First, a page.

Iranian-American artist Shirin Neshat's dark kohl-lined eyes are immediately recognizable. Now she is bringing their gaze on Iranian and Arab women's resistance to oppression to this most political of cities.
The Hirshhorn Museum’s retrospective in Washington, just steps from Congress, coincides with a diplomatic push to seal a nuclear deal with Iran that has revived interest in relations between Tehran and the West.
The non-linear narrative of the exhibit provides a glimpse not just at Neshat’s art and life, but also the trajectory of Iran in modern times, from the 1953 coup through the 1979 Islamic Revolution to the recent Green Movement.
“My work is the expression of my feelings and relationship to politics… the rise of anxiety and the joy of the prospect of peace,” Neshat told AFP.
At 58, the New York-based artist is unassuming and soft-spoken, her diminutive frame contrasting with the boldness of her work.
Although the self-described secular Muslim, insists her exile is “self-imposed,” her work is so controversial in Iran that it has yet to be shown there publicly, and she has not returned since 1996.
The female protagonists in her video installations are constantly on the move, their lives at risk at every moment.
In “Turbulent” from 1998, a singer defies a ban on singing in public.
While in “Fervor” from 2000, a woman dares seek the gaze of her beloved, in 1999’s “Rapture,” the women embark on a boat, leaving the men behind, for what could be interpreted as either suicide or freedom.
Each video of the trilogy features split screens dividing men and women, a theme taken up in more mystical fashion in “Women Without Men,” a five-part video series that was later made into a feature film.
“My perspective on the situation of the Iranian women, particularly of course since the Islamic Revolution, is that the more they are up against the wall, the more resilient, confrontational and rebellious they have become,” Neshat said.
Truth through fiction
“As our perceptions of the Middle East and Iran have changed, so has her work,” explained the Hirshhorn’s new director Melissa Chiu.
Neshat inscribed calligraphic texts and illustrations from the ancient Persian epic poem Shahnameh for her monumental series of photographic portraits “Book of Kings.”
In a break with her previous work, the Iranian and Arab subjects are youthful and unveiled, reflecting changes in the wake of the Green Movement and the Arab Spring popular uprisings.
The portraits also include poetry by contemporary Iranian writers and prisoners.
“Our House is on Fire” closes the chapter, with nearly indecipherable calligraphy inscribed in the folds and wrinkles of her elderly subjects’ skin.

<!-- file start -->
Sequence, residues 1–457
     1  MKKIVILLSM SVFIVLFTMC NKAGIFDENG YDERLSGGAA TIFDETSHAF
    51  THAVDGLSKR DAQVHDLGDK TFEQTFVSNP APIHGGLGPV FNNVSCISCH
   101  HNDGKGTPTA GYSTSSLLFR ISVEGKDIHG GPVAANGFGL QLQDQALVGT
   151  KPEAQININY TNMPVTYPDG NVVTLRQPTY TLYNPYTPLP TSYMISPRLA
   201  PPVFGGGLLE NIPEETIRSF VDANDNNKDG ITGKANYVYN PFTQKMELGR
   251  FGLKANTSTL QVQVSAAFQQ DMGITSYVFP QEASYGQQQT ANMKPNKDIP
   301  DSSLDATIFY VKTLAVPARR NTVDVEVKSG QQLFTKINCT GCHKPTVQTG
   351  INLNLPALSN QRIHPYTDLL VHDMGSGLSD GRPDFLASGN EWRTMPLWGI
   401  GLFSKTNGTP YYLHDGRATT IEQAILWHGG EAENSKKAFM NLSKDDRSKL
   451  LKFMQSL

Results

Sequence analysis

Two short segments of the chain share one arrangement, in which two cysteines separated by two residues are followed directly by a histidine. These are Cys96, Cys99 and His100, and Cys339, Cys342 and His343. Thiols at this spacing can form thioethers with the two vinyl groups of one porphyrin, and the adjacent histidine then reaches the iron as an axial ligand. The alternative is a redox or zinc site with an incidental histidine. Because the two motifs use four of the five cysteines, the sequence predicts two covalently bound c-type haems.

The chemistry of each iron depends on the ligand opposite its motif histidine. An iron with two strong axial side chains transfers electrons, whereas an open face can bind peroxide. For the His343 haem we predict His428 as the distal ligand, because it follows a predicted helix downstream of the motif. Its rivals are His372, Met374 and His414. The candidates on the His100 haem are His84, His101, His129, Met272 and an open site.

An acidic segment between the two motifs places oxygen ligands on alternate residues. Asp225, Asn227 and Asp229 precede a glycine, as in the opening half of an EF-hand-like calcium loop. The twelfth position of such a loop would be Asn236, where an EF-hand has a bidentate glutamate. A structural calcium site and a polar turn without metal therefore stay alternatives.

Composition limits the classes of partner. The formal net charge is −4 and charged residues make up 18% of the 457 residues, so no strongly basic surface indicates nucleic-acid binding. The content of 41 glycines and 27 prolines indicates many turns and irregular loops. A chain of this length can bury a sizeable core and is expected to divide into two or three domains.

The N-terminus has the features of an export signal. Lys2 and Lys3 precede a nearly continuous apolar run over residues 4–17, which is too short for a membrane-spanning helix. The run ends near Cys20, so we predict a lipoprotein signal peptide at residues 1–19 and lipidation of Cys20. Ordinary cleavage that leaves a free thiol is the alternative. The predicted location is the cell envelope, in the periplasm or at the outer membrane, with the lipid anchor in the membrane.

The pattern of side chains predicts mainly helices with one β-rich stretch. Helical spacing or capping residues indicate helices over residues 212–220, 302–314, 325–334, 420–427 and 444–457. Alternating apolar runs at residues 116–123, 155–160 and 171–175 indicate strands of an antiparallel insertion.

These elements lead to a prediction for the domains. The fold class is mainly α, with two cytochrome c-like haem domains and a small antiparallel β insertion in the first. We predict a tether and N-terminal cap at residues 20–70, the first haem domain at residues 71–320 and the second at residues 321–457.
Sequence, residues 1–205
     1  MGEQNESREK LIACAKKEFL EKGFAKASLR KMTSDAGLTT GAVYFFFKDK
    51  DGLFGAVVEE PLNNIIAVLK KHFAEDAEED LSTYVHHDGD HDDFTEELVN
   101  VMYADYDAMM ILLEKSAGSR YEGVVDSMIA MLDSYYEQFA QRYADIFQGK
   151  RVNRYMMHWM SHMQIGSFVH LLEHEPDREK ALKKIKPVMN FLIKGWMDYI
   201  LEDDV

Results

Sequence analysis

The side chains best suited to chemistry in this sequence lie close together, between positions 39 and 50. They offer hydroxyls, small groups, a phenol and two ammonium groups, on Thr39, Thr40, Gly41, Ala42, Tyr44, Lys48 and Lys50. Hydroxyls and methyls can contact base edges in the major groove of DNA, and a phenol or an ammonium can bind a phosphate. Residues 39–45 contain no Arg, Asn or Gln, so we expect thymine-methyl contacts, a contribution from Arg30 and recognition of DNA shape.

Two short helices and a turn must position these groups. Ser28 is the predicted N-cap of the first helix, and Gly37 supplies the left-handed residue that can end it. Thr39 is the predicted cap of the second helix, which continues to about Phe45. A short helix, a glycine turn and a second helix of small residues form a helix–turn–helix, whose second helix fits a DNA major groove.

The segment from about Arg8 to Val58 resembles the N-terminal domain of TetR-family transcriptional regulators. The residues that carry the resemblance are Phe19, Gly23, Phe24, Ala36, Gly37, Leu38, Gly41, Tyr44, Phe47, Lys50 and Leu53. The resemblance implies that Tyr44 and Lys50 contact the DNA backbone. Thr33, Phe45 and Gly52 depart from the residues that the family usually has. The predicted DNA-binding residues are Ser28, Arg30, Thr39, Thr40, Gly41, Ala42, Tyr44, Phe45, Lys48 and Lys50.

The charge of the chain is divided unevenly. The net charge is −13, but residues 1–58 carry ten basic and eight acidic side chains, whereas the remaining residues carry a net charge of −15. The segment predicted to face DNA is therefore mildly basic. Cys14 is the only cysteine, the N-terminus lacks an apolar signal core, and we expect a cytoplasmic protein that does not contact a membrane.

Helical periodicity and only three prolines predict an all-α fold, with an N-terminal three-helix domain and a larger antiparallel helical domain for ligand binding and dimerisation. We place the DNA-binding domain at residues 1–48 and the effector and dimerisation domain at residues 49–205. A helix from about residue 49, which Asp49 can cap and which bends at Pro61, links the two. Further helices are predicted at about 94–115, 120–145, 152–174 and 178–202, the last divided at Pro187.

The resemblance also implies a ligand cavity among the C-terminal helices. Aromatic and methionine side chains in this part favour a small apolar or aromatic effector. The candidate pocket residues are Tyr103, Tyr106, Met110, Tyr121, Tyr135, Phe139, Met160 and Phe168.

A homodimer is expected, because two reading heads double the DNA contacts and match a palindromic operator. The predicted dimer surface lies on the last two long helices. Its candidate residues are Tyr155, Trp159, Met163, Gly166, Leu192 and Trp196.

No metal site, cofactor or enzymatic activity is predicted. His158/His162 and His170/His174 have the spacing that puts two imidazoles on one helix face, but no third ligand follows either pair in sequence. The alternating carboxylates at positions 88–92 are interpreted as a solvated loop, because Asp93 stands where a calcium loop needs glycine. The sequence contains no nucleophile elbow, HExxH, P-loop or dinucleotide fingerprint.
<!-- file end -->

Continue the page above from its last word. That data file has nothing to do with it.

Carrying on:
Only tears, shed for loved ones lost to violence, are left untouched.
The series was inspired by the Egyptian revolution, to which Neshat became an inadvertent witness while working on a film about seminal singer Um Kulthum, a project due to be shot early next year in Egypt and Morocco.
Narrating from afar
Neshat, whose mother and siblings still live in Iran, has narrated the heart-wrenching condition of diaspora from across oceans, having left in 1974 to study abroad.
After the 1979 Islamic Revolution that overthrew the US-backed shah, Neshat would not return until 1990.
She found a country so profoundly changed that people even behaved and dressed differently.
“The Islamic Revolution is what caused our separation, years and years of separation,” Neshat recalled.
“If there is a universality in the work that I make, it is a question of tyranny and the people’s power, and the survival and resilience of the human spirit in the face of tyranny and dictatorship.”
The visit was the catalyst for the provocative “Women of Allah” (1993 to 97) series of black and white photographs, in which Neshat herself appears veiled and toting a gun sometimes pointed directly at the viewer.
Under her eyes, she wears her signature eyeliner, here a warpaint of sorts.
She then inscribed on the exposed skin -— eyes, face, hands and feet -— Farsi text by contemporary Iranian women poets about martyrdom.
“Western media and the people of the West have this perception that women across the board in the Middle East –- it’s this very reductive image –- that they are all victims and submissive and really a victim of the men,” Neshat said.
“In reality, I think it’s really not true.”
In her deeply personal “Soliloquy,” the artist herself, clad in a chador, appears in a Western city in one projection and in a Middle Eastern city in a second on the opposite wall.
Standing at the threshold between two opposite worlds, she finds no peace in either society.
The Hirshhorn show runs through September 20.